Whether you’re currently enrolled in an AP class, or deciding whether or not to take one at all, the fact remains that AP exams are scary. But, just like any other test, AP exams never test anything you can’t learn beforehand.
So this next series of AP Exam Hacks was written by Bridgeway’s very own student, Audrey Farrell, to help students pass their exams. Check out her top 5 AP hacks to help you better understand AP courses!
Know what kind of AP class you are taking.
From my experience, there are two types of AP classes: passive and active.
Passive AP Classes are classes that prepare you for the AP exam just by being in class. I also like to think of these classes as “osmotic APs”, where just showing up and staying attentive in class all year is enough to prepare you for the AP exam. English and foreign language classes are usually passive classes. Sure, you want to review some vocabulary or formulas beforehand so that you aren’t entering the exam cold. But most of the preparation for these exams happens just by taking the class in the first place.
Active AP Classes are just the opposite. Simply taking the class is not going to be enough if you want a 4 or 5 on these exams. Science, math, and history classes are usually active classes, where you’ll need to do some serious reviewing before the time comes to take the exam.
Understanding whether the AP class you are taking, or plan to take, is an active or passive class is extremely helpful when you begin preparing for the AP exams.
I know this might seem obvious, but pay attention during the course! A lot of people I talked to when preparing for the exams this year were stressed out because they had been staring out the window all year when they should have been focusing, taking notes and learning the material. And now they have to cram a year’s worth of lessons into the space of a couple weeks. Don’t do that to yourself. Pay attention the first time you learn something, so you can have an easier time reviewing it later on. Remember that taking hand written notes tends to help your brain retain information. So taking vivid notes can help you pay attention and remember the information later.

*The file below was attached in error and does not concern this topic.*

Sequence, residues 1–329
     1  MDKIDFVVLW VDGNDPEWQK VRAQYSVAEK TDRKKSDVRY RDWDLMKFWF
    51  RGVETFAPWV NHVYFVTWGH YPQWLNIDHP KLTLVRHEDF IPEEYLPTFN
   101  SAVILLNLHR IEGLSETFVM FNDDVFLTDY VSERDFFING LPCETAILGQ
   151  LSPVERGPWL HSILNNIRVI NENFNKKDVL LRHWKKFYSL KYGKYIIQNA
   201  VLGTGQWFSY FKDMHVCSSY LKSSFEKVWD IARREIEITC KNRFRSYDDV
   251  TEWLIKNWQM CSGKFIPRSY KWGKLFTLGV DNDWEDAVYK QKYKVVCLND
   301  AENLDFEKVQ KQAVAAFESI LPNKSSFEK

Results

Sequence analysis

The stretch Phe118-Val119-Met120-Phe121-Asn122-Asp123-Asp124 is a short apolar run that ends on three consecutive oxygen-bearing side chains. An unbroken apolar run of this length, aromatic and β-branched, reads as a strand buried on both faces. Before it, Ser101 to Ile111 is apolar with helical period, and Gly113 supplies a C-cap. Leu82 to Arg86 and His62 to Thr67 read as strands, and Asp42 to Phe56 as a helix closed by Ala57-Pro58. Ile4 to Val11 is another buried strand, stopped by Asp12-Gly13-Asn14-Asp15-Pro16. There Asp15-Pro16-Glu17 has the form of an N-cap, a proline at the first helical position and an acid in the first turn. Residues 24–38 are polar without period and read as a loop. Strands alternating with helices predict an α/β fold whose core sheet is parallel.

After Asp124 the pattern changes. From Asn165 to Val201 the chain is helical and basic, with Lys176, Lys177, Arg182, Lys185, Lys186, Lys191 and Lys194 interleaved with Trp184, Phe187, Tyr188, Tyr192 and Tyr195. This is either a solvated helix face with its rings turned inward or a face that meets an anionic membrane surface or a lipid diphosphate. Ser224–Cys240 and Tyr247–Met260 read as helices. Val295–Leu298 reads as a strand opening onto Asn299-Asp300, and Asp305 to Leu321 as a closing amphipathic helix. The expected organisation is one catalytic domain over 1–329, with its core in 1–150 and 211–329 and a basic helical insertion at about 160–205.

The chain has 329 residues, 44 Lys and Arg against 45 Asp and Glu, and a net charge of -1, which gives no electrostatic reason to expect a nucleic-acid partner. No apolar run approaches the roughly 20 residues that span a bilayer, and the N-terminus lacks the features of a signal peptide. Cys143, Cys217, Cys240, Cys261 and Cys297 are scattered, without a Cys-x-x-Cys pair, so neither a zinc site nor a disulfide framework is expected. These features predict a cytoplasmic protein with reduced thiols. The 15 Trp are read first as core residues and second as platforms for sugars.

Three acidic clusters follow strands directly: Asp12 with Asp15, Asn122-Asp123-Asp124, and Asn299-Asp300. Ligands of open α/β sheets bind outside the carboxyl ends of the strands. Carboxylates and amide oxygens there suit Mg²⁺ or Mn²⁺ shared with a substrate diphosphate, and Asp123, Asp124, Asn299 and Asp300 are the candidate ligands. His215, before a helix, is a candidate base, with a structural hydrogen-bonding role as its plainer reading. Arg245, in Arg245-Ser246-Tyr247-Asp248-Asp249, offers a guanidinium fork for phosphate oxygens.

Know how to prioritize study time.
If you’re like me, and have a bad habit of taking multiple AP classes at a time, you know how important prioritizing can be. Over the course of the year, you should be able to see which exams will take the most work. These are the classes that take the most time to complete classwork and study for tests. From there figure out which exam is going to require the most study time to perform well on, and study for that the most, even if it isn’t the most fun class. This actually brings me to the next tip!
Do whatever it takes!
When it comes to AP courses, they are not only hard, but can be absolutely boring! Come to class with the mindset of doing whatever it takes to get your studying done. And when you study for the exams try to learn the information in new ways so it’s not quite as tedious. I mean, it kind of seems obvious, but it’s a lot harder than it seems when it’s eleven o’clock at night, and you’ve still got fifty more pages of dry textbook reading before you’ve done all you need to for the day.
Here are some additional AP Exam hacks I found to study information in a new way. First, when I have trouble concentrating, I stop every half hour or so to do sit ups, jumping jacks, or go for a short walk around the block, just to get my mind refocused on the task at hand. Secondly, I’ve also found that a good music playlist always helps me get through a late night of studying extremely boring material. Lastly, color coding things, creating a well-organized sticky note system, and drawing mind maps helped me stay awake and focus. Basically, I did whatever it took to get that information from the book into my head. (I’ve even tried placing my head in direct contact with the book, but, alas, it did not seem to work that way. I just fell asleep).
Want even more tips and AP Exam hacks? Stay tuned for the next article giving more tips for passing AP Courses! If you would like more information about Bridgeway’s AP courses, click here or call us at 800-863-1474.